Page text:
Richard Dawkins has been right all along, of course—at least in one important respect. Evolution has indeed dealt a blow to the idea of a benign creator, literally conceived. It tells us that there is no Intelligence controlling the cosmos, and that life itself is the result of a blind process of natural selection, in which innumerable species failed to survive.
The fossil record reveals a natural history of pain, death and racial extinction, so if there was a divine plan, it was cruel, callously prodigal and wasteful. Human beings were not the pinnacle of a purposeful creation; like everything else, they evolved by trial and error and God had no direct hand in their making. No wonder so many fundamentalist Christians find their faith shaken to the core.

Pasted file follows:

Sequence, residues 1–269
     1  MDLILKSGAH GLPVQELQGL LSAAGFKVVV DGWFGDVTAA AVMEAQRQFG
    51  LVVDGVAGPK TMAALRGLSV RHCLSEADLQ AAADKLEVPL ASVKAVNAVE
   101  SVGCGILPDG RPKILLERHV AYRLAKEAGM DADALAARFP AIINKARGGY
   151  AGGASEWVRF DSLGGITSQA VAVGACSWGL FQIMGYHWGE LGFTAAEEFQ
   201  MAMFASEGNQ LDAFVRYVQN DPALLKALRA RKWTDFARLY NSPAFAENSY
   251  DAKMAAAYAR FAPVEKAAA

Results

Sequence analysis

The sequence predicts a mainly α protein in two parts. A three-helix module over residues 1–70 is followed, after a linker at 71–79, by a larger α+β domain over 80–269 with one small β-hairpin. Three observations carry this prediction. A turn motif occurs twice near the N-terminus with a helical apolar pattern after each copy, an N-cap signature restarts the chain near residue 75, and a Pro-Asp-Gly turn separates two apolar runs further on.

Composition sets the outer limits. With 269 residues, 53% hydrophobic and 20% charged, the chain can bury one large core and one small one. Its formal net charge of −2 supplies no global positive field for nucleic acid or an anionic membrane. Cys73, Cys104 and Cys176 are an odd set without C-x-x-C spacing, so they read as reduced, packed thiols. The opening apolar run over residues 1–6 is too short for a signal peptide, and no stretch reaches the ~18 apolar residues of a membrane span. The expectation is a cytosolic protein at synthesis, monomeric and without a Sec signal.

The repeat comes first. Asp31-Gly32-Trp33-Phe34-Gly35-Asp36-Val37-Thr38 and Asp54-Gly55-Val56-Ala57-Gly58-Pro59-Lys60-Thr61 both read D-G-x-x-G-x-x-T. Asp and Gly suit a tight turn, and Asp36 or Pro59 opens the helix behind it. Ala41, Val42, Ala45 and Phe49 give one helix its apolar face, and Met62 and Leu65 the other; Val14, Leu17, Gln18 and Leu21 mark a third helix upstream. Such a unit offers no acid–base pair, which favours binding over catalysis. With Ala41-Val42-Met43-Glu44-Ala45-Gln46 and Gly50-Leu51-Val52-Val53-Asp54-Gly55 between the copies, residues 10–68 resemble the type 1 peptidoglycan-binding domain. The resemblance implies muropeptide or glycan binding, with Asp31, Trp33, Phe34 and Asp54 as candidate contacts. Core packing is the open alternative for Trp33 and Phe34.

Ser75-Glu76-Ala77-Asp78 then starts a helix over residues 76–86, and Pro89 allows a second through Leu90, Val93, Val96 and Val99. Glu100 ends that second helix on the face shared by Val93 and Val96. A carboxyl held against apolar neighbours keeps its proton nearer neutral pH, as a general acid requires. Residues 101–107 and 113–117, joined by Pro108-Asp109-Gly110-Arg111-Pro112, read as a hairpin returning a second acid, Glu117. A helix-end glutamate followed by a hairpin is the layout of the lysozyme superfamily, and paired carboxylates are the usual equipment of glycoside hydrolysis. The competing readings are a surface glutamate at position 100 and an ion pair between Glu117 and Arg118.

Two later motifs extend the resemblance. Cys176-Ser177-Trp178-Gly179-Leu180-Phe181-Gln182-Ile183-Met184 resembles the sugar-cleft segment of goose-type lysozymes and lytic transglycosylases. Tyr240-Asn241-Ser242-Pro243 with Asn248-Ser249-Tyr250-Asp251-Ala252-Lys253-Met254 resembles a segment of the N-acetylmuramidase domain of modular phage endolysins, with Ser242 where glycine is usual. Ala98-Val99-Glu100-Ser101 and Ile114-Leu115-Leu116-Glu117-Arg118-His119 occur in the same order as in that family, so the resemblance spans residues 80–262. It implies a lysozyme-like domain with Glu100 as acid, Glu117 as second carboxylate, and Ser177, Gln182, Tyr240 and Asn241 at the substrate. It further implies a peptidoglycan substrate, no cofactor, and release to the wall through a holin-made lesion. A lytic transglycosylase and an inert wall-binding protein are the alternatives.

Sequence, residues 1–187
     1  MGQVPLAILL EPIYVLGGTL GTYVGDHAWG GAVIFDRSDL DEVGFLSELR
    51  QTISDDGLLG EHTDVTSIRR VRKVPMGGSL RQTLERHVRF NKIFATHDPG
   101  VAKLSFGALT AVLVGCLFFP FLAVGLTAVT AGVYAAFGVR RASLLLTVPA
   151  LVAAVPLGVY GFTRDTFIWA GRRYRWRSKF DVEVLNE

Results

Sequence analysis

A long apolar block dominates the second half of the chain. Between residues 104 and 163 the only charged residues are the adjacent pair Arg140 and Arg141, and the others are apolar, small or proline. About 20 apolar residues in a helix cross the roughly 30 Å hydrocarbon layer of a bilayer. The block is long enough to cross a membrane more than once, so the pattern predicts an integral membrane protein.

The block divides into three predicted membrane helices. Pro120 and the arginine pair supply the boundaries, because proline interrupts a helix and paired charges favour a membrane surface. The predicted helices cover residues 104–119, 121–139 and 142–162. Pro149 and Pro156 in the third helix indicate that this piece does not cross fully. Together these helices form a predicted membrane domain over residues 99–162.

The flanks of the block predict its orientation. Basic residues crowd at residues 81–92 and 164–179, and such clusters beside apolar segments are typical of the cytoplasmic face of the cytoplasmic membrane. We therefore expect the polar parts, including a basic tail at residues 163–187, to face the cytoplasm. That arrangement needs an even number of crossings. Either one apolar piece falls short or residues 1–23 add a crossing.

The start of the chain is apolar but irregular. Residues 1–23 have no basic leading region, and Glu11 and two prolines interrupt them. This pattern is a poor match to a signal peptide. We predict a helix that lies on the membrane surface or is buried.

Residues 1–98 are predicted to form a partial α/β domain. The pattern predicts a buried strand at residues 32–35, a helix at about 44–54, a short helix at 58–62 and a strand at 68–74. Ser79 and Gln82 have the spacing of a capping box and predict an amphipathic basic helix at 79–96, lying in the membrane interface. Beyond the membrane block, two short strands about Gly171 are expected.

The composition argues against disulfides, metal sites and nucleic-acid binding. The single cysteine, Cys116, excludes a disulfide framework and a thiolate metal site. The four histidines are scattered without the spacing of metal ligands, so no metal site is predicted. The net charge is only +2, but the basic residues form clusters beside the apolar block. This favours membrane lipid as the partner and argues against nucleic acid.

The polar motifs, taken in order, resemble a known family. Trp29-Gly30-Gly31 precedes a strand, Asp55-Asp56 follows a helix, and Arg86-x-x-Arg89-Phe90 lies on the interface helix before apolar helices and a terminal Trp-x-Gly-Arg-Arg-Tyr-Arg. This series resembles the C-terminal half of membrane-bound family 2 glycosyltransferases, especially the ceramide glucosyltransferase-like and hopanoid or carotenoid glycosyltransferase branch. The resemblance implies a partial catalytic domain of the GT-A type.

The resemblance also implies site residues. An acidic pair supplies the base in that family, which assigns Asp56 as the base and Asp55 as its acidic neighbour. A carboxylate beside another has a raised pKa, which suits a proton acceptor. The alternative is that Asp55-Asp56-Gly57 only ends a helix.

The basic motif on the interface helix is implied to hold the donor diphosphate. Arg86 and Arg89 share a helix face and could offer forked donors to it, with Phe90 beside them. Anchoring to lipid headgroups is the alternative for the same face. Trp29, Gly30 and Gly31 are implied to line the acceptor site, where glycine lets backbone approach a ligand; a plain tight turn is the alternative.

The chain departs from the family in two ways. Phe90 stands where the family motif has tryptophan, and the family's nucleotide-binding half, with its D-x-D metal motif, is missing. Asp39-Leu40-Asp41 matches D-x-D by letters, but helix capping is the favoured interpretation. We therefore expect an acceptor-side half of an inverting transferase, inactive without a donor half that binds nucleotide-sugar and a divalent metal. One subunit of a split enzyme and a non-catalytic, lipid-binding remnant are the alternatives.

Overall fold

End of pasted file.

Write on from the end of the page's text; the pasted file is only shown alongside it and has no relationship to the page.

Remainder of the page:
But Darwin may have done religion—and God—a favor by revealing a flaw in modern Western faith. Despite our scientific and technological brilliance, our understanding of God is often remarkably undeveloped—even primitive. In the past, many of the most influential Jewish, Christian and Muslim thinkers understood that what we call "God" is merely a symbol that points beyond itself to an indescribable transcendence, whose existence cannot be proved but is only intuited by means of spiritual exercises and a compassionate lifestyle that enable us to cultivate new capacities of mind and heart.